Dallas Players Display Mixed Results for the United States on the World Cup Stage So Far

Little Elm's Weston McKennie played a pivotal role in the United States' win over Iran in the 2022 FIFA World Cup.
Little Elm's Weston McKennie played a pivotal role in the United States' win over Iran in the 2022 FIFA World Cup. Dan Mullan_Getty
In the months leading up to the 2022 FIFA World Cup there was ample reason to think the cleat markings of FC Dallas would be all over the turf of the newly built stadiums of Qatar. Soccer studs who spent their younger years rising up through the ranks of FC Dallas’ highly regarded youth academy teams, players who spent early, formative years of their major league careers in Frisco or, better yet, current stars for the squad at Toyota Stadium seemed destined to take up a sizable chunk of the 26-member United States men’s soccer team roster.

Five players with strong FC Dallas ties were named to the team, including Jesus Ferreira, the 21-year-old prolific goal scorer who just received the MLS Young Player of the Year award. Plano’s Kellyn Acosta, who now kicks balls in Los Angeles after many seasons with both the FC Dallas academy and the senior squad, joined Ferreira on the American team, as did former FC Dallas youth academy player Shaq Moore, and Walker Zimmerman, a star defender drafted by FC Dallas in 2013 who played there until being traded to Los Angeles FC in 2017.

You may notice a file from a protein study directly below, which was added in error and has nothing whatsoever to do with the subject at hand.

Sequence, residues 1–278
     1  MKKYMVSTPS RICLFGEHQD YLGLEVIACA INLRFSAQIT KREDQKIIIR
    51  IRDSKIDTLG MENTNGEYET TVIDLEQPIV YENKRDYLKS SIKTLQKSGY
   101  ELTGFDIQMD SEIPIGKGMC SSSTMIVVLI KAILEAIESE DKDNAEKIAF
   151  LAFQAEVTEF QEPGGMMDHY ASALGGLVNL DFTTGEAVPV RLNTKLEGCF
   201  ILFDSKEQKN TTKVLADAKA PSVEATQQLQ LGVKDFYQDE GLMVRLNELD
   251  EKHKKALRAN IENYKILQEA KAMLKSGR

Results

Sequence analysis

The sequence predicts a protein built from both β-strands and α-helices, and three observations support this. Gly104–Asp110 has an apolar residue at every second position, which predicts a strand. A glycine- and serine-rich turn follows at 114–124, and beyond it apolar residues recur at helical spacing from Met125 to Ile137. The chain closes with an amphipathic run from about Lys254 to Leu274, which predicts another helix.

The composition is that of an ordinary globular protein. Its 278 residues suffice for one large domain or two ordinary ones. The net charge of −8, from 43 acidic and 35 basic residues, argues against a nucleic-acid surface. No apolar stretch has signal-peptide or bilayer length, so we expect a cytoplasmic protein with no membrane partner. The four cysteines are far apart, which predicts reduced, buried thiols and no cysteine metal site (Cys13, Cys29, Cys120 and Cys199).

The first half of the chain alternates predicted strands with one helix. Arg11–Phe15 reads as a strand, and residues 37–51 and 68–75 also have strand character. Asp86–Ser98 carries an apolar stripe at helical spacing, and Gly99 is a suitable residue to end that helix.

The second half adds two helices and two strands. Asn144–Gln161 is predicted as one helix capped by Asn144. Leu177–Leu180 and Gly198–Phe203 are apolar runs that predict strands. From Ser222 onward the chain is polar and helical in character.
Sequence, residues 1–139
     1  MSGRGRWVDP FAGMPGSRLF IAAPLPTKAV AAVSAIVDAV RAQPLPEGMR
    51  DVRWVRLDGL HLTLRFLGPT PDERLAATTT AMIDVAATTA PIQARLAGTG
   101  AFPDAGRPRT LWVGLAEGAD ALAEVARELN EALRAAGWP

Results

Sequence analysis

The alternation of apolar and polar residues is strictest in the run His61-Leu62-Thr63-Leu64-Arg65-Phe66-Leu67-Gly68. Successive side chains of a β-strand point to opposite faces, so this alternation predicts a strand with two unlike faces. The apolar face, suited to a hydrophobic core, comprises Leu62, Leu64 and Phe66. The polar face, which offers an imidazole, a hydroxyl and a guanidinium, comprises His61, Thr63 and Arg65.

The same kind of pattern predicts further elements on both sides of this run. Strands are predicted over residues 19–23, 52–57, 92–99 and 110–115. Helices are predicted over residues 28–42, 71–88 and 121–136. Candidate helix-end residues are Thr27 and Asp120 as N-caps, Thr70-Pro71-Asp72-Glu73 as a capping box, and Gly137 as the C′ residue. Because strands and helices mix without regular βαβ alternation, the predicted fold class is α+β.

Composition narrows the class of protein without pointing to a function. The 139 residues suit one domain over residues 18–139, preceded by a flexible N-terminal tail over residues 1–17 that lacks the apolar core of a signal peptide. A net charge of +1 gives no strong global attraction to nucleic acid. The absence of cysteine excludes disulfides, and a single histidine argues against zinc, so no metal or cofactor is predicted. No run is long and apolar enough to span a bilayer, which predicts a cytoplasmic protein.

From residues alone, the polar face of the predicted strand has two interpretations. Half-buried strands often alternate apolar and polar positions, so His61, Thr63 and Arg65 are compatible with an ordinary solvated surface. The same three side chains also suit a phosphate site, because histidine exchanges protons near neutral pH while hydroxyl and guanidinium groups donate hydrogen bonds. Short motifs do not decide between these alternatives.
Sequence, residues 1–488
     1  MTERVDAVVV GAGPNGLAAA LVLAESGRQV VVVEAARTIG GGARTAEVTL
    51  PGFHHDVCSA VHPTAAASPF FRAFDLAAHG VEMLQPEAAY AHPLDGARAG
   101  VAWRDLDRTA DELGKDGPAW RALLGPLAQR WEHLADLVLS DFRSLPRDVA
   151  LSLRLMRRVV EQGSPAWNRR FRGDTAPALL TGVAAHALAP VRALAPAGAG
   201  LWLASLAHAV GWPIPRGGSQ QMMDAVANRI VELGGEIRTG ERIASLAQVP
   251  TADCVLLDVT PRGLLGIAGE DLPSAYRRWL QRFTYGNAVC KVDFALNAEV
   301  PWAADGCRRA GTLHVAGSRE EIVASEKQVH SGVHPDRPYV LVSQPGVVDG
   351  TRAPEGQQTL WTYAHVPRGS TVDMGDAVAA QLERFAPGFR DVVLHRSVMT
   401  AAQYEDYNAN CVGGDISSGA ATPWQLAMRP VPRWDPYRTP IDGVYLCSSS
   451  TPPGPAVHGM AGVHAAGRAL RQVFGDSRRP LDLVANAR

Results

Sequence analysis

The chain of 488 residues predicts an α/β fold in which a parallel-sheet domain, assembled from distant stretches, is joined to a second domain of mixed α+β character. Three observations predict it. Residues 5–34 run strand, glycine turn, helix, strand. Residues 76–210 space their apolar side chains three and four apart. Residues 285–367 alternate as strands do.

Little Elm’s Weston McKennie, a midfielder who played in the FC Dallas academy 2009–2016, was an obvious selection. As a current starter for Italian titans Juventus, McKennie was considered by many soccer pundits as vital to any possible U.S. success in Qatar.

McKennie and Zimmerman were each considered to be shoe-in starters for head coach Gregg Berhalter, with some journalists giving Ferreira a decent shot at starting in the striker position. But games aren’t played on paper, podcasts or morning sports talk shows. And the decision-making coach isn't always on the same page as the public.

United States v. Wales – Monday, Nov. 21